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Russian shipyards to build hulls for 2 Mistral-class warships.


| 2011
a
Naval Industry News - France / Russia
 
 
 
Russian shipyards to build hulls for 2 Mistral-class warships
 
Russia’s United Shipbuilding Corporation and the Baltiisky Zavod shipyard signed a 2.5 billion ruble ($80 million) contract on Friday to build hulls for the third and fourth French Mistral-class warships for the Russian Navy. The signing ceremony took place in the presence of Prime Minister Vladimir Putin.

French shipbuilder DCNS said on Wednesday it had received advance payment from Moscow under a $1.2-billion contract and would start the construction of the first warship for the Russian Navy.

Russian defense officials previously said Russia would account for 80% of labor inputs in building the third and fourth warships.

The two countries signed a contract in June on two French-built Mistral class amphibious assault ships including the transfer of sensitive technology.
     
Russia’s United Shipbuilding Corporation and the Baltiisky Zavod shipyard signed a 2.5 billion ruble ($80 million) contract on Friday to build hulls for the third and fourth French Mistral-class warships for the Russian Navy. The signing ceremony took place in the presence of Prime Minister Vladimir Putin.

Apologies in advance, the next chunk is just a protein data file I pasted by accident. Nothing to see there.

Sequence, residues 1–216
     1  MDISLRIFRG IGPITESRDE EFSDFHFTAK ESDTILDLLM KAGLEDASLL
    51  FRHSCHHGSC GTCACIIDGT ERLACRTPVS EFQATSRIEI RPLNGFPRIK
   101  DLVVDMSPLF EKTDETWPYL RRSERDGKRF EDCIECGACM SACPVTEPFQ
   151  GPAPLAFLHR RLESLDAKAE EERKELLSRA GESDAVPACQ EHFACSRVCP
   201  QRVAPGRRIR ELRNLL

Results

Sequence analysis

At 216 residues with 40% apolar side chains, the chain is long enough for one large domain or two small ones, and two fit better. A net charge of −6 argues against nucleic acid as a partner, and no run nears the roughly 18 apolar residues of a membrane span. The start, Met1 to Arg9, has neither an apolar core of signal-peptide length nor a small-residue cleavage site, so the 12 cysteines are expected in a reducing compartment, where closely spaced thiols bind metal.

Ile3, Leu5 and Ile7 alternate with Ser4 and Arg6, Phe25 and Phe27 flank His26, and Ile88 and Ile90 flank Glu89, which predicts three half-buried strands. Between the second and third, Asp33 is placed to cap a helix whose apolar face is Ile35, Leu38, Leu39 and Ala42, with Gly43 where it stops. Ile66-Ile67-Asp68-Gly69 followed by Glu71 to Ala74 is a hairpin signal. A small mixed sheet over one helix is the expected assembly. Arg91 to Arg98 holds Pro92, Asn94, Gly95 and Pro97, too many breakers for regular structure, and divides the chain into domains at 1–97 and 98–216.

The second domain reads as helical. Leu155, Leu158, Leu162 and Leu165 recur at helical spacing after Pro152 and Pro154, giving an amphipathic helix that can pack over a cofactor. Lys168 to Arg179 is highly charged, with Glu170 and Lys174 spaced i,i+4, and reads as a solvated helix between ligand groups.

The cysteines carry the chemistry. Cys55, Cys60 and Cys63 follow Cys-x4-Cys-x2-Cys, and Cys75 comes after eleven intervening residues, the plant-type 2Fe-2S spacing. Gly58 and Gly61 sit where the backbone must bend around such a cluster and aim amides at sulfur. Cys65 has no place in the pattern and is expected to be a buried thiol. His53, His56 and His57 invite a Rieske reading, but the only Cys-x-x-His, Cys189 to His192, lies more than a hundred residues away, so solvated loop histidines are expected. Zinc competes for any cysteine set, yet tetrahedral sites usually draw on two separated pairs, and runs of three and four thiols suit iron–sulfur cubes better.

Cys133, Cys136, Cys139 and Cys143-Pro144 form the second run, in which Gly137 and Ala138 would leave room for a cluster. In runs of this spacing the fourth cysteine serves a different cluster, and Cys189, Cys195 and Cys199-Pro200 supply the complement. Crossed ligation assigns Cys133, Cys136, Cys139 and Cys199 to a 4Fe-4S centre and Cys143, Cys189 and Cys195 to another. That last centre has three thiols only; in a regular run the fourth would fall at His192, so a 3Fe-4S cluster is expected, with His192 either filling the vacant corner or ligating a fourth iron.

DCNS Mistral class used by the French Navy and soon by the Russian Navy
(picture: French Navy)
     
The first ship will be delivered in 2014 and the second in 2015.

Construction of the second ship should start in several months and will proceed simultaneously with the first, but will depend on when the full payment for the first ship is made, a DCNS source said.

A Mistral-class ship is capable of carrying 16 helicopters, four landing vessels, 70 armored vehicles, and 450 personnel.

A number of Russia's neighbors have expressed concern over the deal, in particular Georgia and Lithuania.

The Russian military has said it plans to use Mistral ships in its Northern and Pacific fleets.

Many Russian military and industry experts have questioned the financial and military sense of the purchase, and some believe that Russia simply wants to gain access to advanced naval technology that could be used in the future in potential conflicts with NATO and its allies.
From: Ria Novosti
 
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